Monday, February 27, 2012

Crime or Punishment?

As we are now done with Crime and Punishment, I feel like now is as good a time as any to reflect on the title. I, for one, am a bit curious as to why Doestoevsky would title his novel in such a way. We've had points in the course so far where we've questioned titles (e.g., The Captain's Daughter, A Hero of Our Time), yet I'm surprised that none of us did so about this novel in large-group discussion.

On one hand, this novel is most certainly centered around one man's murders and the events that ensued afterwards, ultimately leading up to his confession at the end and his punishment in Siberia in the epilogue. However, the “punishment” in and of itself is only in the epilogue, a part that we discussed was added on a year after the novel was released. So in it's original form, the novel really didn't have a punishment if we think about it in that way.

However, I would like to pose the idea that the punishment was actually the internal, psychological suffering that Raskolnikov seemingly went through for the entire novel. The crime itself, while central to the novel, occurred early on, so we really have the bulk of the novel left to give a theme to, and I think that “punishment” is an excellent label for that theme. Through his paranoia and unhealthy mental state, we see a very psychologically fragile mind that seems to get taxed more and more with each encounter, whether the person has reason to suspect him of murder or not. This punishment manifests itself in practically every aspect of Raskolnikov's life, severely affecting his functionality as a person and seriously  straining his social relationships.

Is the anguish and torment that Raskolnikov went through due to his actions a true punishment, or is his Siberian labor the only punishment for him? Does his religious conversion at the end redeem him or atone for his crime? Or should the novel have a different title that better reflects its themes?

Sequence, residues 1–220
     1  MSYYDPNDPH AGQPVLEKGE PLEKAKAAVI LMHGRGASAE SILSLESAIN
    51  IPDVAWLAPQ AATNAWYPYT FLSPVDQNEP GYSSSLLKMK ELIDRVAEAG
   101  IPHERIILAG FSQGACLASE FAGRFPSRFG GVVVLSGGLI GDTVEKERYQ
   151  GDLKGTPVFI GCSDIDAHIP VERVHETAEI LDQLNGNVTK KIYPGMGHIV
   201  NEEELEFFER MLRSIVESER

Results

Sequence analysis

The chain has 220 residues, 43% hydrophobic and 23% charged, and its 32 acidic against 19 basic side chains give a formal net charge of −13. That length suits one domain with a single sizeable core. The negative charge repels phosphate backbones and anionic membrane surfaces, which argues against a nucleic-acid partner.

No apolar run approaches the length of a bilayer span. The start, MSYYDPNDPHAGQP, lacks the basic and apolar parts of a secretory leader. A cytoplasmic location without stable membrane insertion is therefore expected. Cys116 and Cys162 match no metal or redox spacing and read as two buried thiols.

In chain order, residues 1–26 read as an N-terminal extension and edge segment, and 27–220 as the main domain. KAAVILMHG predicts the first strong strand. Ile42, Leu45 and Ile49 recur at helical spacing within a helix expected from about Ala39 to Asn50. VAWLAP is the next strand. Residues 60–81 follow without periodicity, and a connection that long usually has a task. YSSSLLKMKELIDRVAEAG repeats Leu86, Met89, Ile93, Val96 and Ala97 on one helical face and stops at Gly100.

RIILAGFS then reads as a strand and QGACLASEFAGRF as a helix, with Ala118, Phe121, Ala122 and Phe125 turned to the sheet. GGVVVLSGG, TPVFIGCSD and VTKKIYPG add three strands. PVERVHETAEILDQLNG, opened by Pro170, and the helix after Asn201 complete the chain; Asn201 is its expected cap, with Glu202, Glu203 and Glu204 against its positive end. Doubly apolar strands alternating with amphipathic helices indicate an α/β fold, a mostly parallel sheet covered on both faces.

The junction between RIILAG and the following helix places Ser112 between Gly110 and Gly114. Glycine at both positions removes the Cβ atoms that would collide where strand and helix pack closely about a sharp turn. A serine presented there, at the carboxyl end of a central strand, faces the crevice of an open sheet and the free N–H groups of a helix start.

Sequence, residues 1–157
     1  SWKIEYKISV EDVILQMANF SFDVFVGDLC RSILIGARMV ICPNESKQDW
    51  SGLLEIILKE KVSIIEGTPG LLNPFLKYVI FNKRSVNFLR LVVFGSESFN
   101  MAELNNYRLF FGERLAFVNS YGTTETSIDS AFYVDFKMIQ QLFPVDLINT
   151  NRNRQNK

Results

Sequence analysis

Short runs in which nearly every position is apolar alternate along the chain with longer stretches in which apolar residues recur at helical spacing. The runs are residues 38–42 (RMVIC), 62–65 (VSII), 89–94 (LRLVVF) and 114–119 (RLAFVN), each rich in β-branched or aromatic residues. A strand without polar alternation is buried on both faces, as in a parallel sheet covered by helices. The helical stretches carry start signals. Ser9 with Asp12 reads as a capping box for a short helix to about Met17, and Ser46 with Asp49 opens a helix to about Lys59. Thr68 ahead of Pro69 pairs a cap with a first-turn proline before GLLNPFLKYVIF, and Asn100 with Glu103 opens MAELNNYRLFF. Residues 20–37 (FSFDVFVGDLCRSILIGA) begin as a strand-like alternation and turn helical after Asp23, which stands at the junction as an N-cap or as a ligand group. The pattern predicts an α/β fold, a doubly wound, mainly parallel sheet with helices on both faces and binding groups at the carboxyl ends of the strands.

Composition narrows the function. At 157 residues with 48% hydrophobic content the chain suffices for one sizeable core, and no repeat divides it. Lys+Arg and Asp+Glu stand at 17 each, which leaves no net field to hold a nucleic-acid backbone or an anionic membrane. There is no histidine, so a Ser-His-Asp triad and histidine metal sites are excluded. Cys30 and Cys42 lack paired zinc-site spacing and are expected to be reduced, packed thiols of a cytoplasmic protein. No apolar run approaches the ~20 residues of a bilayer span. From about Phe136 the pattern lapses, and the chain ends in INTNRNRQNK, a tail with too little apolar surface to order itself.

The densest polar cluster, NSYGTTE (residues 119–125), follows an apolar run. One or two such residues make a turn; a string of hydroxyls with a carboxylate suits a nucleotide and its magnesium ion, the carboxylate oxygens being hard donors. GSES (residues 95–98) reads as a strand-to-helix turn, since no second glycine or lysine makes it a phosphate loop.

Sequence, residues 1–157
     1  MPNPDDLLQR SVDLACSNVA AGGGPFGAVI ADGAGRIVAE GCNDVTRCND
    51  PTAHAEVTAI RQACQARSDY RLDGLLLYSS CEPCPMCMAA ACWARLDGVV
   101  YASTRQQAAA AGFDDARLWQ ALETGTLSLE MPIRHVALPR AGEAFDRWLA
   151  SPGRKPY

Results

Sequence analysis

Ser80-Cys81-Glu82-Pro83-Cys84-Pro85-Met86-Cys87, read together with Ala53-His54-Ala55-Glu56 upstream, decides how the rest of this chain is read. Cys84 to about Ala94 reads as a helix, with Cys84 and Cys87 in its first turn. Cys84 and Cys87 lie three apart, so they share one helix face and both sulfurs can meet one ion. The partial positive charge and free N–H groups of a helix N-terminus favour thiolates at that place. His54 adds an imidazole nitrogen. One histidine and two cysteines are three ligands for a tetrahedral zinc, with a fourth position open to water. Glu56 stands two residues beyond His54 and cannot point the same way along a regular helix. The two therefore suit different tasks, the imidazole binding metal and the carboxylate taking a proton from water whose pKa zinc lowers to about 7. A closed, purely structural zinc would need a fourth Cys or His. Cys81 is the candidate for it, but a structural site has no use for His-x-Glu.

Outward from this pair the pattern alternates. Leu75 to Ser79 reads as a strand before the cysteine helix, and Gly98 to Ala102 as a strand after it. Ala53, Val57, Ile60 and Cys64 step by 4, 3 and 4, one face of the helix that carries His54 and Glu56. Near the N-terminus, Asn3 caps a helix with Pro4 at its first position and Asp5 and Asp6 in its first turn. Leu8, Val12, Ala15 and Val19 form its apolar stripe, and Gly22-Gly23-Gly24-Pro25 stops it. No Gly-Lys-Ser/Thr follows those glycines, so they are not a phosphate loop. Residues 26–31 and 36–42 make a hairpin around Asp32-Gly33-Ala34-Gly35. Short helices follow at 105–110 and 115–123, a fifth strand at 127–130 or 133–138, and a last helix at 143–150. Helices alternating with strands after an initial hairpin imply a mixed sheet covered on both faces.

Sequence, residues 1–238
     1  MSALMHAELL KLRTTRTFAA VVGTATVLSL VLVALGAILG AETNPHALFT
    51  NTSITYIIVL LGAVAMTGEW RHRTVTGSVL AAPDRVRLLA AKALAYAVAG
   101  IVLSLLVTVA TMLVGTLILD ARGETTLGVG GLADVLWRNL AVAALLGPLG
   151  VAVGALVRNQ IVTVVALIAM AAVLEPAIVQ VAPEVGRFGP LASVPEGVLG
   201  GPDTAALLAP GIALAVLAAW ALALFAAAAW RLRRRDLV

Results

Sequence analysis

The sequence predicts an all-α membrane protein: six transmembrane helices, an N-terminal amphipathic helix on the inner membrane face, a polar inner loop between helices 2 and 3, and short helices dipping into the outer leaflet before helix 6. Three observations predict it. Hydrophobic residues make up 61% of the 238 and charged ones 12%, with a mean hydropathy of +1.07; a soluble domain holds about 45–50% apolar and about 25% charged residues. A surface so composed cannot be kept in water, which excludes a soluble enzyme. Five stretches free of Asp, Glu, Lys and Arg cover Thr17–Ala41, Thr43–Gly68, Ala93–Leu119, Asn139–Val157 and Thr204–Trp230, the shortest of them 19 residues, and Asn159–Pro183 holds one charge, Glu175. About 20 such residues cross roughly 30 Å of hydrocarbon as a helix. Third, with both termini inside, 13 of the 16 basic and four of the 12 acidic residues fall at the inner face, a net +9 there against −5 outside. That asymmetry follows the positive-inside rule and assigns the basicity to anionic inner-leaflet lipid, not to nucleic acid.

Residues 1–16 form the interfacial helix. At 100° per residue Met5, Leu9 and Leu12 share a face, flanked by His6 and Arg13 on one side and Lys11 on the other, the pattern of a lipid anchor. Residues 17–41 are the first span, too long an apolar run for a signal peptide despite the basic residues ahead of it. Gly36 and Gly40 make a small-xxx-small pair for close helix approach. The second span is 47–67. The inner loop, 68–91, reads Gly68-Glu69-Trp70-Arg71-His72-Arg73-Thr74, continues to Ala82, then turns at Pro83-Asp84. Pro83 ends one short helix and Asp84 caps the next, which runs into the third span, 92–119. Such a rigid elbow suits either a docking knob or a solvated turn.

1. I completeley agree with the idea that the punishment is essentially the central part for most of the book. I feel that the internal punishment Raskolnikov is struggling with is much more powerful and effective regarding the final redemption/catharsis we get from the ending. Tthe "actual" punishmnt is somewhat of a prolonged, conclusion to a tumultuous end. And even though the "crime" took up a very small portion of the book, it had a great impact on the rest of the book. I think the title is a perfect, minimalistic summary of book.

  2. I thought it was interesting how at the end of the book, Raskolnikov's religious epiphany doesn't just result in forgiveness for his crime, but seems to completely erase it from his past. Dostoevsky emphasizes the new life Raskolnikov has and the hew world he enters, leaving everything from his past behind. To this extent, it seems likely that his inner turmoil was his punishment. But I also think that the novel really draws into question what "crime" and "punishment" are-- what does it mean if Raskolnikov doesn't view his actions as criminal but the rest of the world does?

    1. That brings up a good point. When exactly does the 'crime' happen? If Raskolnikov doesn't think what he did was a crime until late in the book (when he starts to feel guilty) then most of the book is a lead up to the crime. It seems that the punishment happens when Raskolnikov realizes that he is guilty of committing a crime, and that he is in fact not an extraordinary man. The punishment is the realization of the crime itself.